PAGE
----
Now on to the Case of the Week, which was extremely disappointing. Though Toby Jones hammed it up like a pro to seemingly establish one of the most vile criminals of our time, the series forgot to show and not tell when it came to the actual crimes (until, of course, they had to do with Sherlock himself). Introducing Culverton’s fame with brief clips of him appearing on TV was smart, and the show could have easily juxtaposed those moments with his misdeeds as well. Instead, it spent an inordinate amount of time on the memory-altering drug and the bait-and-switch of his daughter, Faith. We got very Moffat-y, rather interminable soliloquies from Culverton in the morgue and at Sherlock’s bedside (and bizarrely, in the childrens’ ward of the hospital), but it was a lot more fun to see that Sherlock had picked his pocket and Culverton dance away from his accusations.
“The Lying Detective” was, like “The Six Thatchers,” a mix of success and failure, though now that we’re one week in to the new season I’m not as forgiving towards its faults. Sherlock has always been fully of snark, but lately it’s confused meanness for wit, which it spews most aggressively at Mycroft (Mark Gatiss seems to love punishing his characters). Yet on the other side, it forced John’s head-Mary to smile and nod knowingly when he admitted to cheating on her, instead of giving her any vim or vigor in the moment. John’s one small triumph in the episode was figuring out how Sherlock had predicted his whereabouts two weeks previously. At least he had that, and that’s how I’m starting to feel about the show — the small moments are carrying us through.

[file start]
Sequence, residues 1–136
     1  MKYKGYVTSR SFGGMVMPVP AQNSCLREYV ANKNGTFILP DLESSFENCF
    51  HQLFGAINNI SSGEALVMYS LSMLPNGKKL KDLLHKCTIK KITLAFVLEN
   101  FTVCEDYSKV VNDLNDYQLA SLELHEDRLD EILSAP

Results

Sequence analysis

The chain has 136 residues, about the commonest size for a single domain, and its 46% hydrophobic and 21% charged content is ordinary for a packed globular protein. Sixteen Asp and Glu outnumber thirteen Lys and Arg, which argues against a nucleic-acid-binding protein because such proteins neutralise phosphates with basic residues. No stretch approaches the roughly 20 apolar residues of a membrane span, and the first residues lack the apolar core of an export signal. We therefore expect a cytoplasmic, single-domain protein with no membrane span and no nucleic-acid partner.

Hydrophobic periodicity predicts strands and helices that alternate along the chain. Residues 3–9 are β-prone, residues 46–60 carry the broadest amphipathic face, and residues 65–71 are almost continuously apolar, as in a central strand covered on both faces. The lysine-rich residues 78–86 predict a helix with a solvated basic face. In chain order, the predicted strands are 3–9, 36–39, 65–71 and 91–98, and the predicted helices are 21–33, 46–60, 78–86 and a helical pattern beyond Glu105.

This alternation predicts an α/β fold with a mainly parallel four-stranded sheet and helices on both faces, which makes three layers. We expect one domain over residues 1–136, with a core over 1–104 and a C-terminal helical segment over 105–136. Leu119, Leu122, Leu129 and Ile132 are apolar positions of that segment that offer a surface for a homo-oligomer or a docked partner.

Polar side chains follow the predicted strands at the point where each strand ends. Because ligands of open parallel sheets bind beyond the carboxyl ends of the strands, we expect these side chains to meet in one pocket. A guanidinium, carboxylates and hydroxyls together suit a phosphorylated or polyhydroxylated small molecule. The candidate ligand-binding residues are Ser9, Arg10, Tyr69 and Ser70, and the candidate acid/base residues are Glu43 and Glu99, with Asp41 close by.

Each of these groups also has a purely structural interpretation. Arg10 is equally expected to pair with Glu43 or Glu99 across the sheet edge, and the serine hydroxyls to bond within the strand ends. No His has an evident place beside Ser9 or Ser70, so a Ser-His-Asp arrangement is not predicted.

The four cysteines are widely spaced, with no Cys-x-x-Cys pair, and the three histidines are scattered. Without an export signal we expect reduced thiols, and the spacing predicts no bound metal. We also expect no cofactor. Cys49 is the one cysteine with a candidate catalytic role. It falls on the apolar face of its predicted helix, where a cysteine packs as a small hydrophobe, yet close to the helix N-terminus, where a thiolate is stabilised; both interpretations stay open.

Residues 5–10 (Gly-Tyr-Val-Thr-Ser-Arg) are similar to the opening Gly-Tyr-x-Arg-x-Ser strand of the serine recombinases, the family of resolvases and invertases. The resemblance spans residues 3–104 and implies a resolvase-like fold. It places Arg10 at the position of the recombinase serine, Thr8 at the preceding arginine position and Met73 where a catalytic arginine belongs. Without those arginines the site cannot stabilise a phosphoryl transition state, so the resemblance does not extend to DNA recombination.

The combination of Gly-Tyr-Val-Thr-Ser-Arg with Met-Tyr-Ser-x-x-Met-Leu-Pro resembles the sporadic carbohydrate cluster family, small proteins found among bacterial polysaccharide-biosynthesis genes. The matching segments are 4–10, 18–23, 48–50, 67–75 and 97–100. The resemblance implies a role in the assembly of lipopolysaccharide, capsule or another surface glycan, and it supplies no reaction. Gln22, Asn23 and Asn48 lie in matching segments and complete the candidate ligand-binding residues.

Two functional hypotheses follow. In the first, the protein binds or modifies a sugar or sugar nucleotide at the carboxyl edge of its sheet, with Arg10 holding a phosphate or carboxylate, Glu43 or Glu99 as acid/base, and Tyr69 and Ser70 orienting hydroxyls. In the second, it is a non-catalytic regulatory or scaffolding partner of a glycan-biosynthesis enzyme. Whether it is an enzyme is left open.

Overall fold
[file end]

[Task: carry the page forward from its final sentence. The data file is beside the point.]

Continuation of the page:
Rating: ★★ Fair
Musings and Miscellanea:
— As haphazardly as it was presented, I did like the nod to Mrs. Hudson’s unexpected finances.
— “I detest conversation in the past tense” – Mycroft.
— Now we know where the “get out of my house you reptile” moment came from (Mrs. Hudson to Mycroft), but it felt pretty forced.
— If this was Westworld, Sherlock would be Ford and Watson would be Dolores.
— Speaking of, I have a hard time believing that Mycroft has the capacity to engage in sexual relations with anyone. He seems so classically asexual and disinterested in passion. Pairing him with Lady Smallwood is … odd.
— Are the texts from Irene Adler a suggestion that she’s back for the finale? Or is Sherlock’s sister actually Irene, Mrs. Hudson, Molly …
— “Big Brother is watching.” “Literally.” Sherlock writing out messages to Mycroft in the streets was a great moment.
— Everything in this episode showed that Sherlock is not the sociopath that he claims to be, and that would make more sense if he hadn’t also shot a man in the face in cold blood. Why the writers did that I’ll never know.
— The idea of a rich and powerful serial killer is a great one for a crime series, but not as a single episode and not as background noise like it was in “The Lying Detective.” Huge waste of potential there.
— Sherlock quoting Henry V was fantastic, especially since Benedict Cumberbatch just played Richard III in The Hollow Crown: The War of the Roses.
— “Oh get over yourself, you’re not my first smackhead, Sherlock” – Mrs. Hudson.
— The game is afoot! Mrs. Hudson making tea! These are the touchstones that I love on Sherlock.
— “Your life is not your own, keep your hands off of it” – Sherlock with a great sentiment that was lost in a cluttered episode.